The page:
Earlier this month a group of patients, parents and carers came with us to The Institute of Cancer Research, London to see genome editing happening in the lab. This was as part of our Talking about genome editing project which aims to develop resources that reflect patients’ views on the best ways to communicate about genome editing.
Dr Chris Lord, a team leader at the ICR, told us about his team’s research: to find novel treatment approaches to cancer. Chris explained how genome editing has revolutionised his work.
Chris’ lab is using a screening method that allows them to make changes to each of the 25,000 genes in the human genome. Using this method, they can create thousands of cell lines - each one of them with only one gene affected. They then look at how the cells behave in the presence of certain drugs: do they keep on growing or do they die. This allows the team to examine how medicines interact with various genes in tumours.
Previously, Chris’s team would have to design a bespoke approach to edit each gene, one at a time. This was a time consuming and costly process, which would have allowed them to examine only a handful of genes. Using the most popular modern genome editing tool, CRISPR-Cas9, all 25,000 genes can be screened in parallel, in just two weeks - we were amazed!
Genome editing is a technique used to make precise and efficient changes to the DNA of a cell or an organism. It could be used to add, remove, or alter DNA in the genome of any organism. Genome editing techniques are widely used in research to help us understand how genes and cells work.
Genome editing is not new - scientists have been working with different techniques to modify genes for 30 years. However, the traditional tools are very time consuming, meaning that to create and study a glitch (mutation) in a gene takes a long time, and a lot of money!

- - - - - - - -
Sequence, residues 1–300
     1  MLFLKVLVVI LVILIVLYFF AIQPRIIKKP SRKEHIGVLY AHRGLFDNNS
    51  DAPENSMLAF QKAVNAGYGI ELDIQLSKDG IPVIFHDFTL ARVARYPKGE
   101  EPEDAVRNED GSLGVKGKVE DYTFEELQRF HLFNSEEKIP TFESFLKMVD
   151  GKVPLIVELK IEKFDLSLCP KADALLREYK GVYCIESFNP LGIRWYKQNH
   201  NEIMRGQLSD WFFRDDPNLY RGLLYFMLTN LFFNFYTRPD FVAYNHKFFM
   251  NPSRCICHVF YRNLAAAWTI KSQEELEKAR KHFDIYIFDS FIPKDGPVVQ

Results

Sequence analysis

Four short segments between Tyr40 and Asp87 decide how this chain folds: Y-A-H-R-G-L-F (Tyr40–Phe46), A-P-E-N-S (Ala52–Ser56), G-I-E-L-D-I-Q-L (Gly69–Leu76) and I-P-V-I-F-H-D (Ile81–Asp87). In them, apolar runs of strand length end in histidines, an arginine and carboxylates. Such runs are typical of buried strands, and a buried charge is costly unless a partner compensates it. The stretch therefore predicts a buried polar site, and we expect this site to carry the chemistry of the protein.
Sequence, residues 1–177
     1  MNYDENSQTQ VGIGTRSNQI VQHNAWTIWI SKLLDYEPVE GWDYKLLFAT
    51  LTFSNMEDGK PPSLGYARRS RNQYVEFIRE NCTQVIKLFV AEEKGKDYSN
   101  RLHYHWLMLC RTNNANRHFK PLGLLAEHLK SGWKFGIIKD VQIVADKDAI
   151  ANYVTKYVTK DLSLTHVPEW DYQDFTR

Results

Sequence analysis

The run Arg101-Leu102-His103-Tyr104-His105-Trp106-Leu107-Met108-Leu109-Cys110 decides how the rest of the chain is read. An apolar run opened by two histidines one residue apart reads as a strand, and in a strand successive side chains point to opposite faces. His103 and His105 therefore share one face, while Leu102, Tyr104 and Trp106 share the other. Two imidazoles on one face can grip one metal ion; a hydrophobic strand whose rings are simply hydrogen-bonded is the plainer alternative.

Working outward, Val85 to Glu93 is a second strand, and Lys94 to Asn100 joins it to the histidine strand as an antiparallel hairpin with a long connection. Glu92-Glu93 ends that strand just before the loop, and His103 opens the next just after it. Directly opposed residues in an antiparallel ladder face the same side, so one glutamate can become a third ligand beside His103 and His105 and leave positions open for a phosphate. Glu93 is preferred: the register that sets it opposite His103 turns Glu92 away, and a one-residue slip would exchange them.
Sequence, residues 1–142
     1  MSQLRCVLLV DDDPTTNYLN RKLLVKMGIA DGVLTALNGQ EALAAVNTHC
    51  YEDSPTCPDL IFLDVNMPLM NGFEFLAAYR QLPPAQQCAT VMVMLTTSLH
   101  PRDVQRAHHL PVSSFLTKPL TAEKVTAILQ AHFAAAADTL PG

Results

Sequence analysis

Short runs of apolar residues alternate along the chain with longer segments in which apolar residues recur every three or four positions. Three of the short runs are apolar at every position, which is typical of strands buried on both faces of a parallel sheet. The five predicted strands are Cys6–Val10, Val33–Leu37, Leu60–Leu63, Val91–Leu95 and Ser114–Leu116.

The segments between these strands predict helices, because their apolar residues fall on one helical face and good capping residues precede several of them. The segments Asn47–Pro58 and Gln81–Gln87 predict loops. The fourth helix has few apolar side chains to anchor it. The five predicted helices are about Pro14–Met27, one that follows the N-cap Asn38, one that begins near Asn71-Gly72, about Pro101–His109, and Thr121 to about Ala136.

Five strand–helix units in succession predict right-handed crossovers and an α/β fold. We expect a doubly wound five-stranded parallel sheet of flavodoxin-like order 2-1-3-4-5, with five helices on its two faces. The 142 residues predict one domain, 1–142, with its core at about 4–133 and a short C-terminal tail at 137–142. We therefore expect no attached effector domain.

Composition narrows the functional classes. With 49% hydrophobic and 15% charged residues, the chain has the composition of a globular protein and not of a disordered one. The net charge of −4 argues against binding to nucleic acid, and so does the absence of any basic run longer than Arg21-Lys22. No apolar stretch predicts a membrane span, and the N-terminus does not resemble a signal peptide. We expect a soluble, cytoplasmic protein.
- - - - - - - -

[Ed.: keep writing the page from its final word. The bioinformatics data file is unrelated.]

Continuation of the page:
With the current techniques, and more specifically the CRISPR-Cas9 technique, instead of having to design new tools, researchers can use readily available tools to study the function of genes.
Our participants thought the visit to The Institute of Cancer Research was extremely valuable:
‘I learnt a lot and it helps me keep understand some of the literature I have been reading.’
After hearing from Chris, Dr Stephen Pettitt a postdoctoral training fellow guided us through the lab and showed us how they keep their cell lines extremely cold (-196C) using liquid nitrogen tanks. He also showed us how they keep the cells happy and growing in incubators. It was fascinating to see how the genome editing experiments are done: scientists can order both the guide RNA and the molecular scissors (the tools needed to do genome editing experiments) from companies. They then need to make sure those tools can get inside the cell and check if the changes to the DNA lead to any changes in cell behaviour.
‘Thanks for the opportunity. It's made all the theory of genome editing come to reality and I enjoyed the lab visit as a first timer.’
Genetic Alliance UK is working with patients affected by rare and genetic conditions to develop resources on how to talk about genome editing. We want to make sure we communicate in a way that patients identify with and that we use vocabulary and comparisons that mean something to our audiences. You can find out more about the project and how to take part here.
Read more about ICR’s work on genome editing and cancer here.